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Postby jo » Sun Oct 14, 2007 12:50 pm

very intersting mlady
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Postby The Goddess » Sun Oct 14, 2007 1:43 pm

very good :-)
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Postby marilyn » Tue Oct 16, 2007 3:28 am

That is interesting - well spotted m'lady :-)
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Postby ladyDeWint » Tue Oct 16, 2007 3:01 pm

:-)
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Postby tabbynera » Tue Oct 16, 2007 5:29 pm

Just would like to mention as a member of the "International Relf Society" (also includings Rolfes and a few other derivations) I found the report about Pocahontas and John Rolfe quite interesting. The Society actually visited Gravesend a couple of years ago for their annual meeting which usually lasts a long week-end. I would have liked to have been with them, but it was a bit too far at that time.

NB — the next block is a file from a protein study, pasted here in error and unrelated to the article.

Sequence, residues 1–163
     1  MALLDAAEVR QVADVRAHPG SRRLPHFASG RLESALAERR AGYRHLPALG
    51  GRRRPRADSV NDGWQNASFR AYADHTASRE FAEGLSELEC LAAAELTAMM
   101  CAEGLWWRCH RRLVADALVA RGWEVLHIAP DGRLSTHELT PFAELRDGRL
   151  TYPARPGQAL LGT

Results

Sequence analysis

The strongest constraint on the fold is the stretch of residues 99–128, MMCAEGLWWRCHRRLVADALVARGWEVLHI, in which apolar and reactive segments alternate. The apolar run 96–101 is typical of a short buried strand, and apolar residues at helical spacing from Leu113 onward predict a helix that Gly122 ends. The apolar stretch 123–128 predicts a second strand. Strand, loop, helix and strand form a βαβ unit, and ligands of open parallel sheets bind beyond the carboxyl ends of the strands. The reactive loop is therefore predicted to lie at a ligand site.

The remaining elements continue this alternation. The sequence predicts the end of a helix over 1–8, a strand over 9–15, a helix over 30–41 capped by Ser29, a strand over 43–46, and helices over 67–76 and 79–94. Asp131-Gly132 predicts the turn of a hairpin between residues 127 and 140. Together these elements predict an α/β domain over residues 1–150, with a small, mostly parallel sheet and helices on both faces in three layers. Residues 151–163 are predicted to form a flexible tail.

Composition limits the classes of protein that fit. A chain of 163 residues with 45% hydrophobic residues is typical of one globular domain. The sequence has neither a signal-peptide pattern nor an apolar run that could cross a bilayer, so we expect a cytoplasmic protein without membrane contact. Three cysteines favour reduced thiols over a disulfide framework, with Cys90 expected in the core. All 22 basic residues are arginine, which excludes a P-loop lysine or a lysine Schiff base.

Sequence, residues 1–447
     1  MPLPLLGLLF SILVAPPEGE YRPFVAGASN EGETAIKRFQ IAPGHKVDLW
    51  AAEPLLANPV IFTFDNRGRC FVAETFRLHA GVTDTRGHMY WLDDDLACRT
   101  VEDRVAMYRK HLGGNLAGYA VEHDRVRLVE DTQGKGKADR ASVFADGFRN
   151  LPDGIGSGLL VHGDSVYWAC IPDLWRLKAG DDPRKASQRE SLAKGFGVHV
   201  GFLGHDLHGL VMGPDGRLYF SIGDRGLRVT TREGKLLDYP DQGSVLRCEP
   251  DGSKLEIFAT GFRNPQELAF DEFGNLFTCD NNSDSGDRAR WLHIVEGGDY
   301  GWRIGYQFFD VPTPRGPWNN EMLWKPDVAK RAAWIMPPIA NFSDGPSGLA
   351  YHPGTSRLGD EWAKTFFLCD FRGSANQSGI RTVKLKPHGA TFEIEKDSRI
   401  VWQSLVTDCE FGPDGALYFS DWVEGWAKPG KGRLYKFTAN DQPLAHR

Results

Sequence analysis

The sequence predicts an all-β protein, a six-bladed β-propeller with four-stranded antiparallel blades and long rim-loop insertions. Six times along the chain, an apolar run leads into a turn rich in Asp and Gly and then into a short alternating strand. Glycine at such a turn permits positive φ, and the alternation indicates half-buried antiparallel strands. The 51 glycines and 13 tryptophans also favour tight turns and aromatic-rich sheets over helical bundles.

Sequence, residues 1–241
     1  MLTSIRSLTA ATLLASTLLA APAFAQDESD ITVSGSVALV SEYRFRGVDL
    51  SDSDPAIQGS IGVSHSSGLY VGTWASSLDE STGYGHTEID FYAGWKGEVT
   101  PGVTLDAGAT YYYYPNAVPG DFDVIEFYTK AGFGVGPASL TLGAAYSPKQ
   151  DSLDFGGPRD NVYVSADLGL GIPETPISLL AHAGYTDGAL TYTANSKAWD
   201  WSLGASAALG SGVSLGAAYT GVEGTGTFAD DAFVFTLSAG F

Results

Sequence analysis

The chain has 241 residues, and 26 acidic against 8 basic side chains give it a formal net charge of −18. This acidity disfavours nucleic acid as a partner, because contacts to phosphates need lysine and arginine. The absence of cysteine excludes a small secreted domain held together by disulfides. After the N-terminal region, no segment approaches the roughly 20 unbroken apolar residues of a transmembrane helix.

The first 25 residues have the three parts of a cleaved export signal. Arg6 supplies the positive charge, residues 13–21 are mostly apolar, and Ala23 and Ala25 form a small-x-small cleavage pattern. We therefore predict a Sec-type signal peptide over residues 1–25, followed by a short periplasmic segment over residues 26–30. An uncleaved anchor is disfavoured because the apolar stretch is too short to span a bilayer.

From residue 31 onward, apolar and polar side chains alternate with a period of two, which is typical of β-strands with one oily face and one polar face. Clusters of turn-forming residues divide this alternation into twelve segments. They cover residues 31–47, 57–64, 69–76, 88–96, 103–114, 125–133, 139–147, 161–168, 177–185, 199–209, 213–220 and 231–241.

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Postby ladyDeWint » Wed Oct 17, 2007 11:37 am

Glad you enjoyed it Tabby :-)
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Re: Statues of The East End.....No12 The First Settlers Monument

Postby Smiffy » Fri May 02, 2008 10:15 am

Milady... youve dunnit again... So enjoyable.. The Mayflowers home port was Rotherhithe.. I think I have mentioned that during the late 1889s my great grandpa William Pead was beadle of St Marys church where the Mayflower crew worshipped before setting sail....
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Re: Statues of The East End.....No12 The First Settlers Monument

Postby SteveDoyle » Wed Aug 06, 2008 9:43 pm

The little town that the Mayflower passengers settled is still there. Susan & I often vacation there.
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Re: Statues of The East End.....No12 The First Settlers Monument

Postby Jockney1 » Tue Feb 03, 2009 11:16 pm

Here's the blackwall memorial

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Re: Statues of The East End.....No12 The First Settlers Monument

Postby Smiffy » Wed Feb 04, 2009 8:37 am

What a brilliant photo Jockney... I used to love watching the sailing barges on the river as a little kid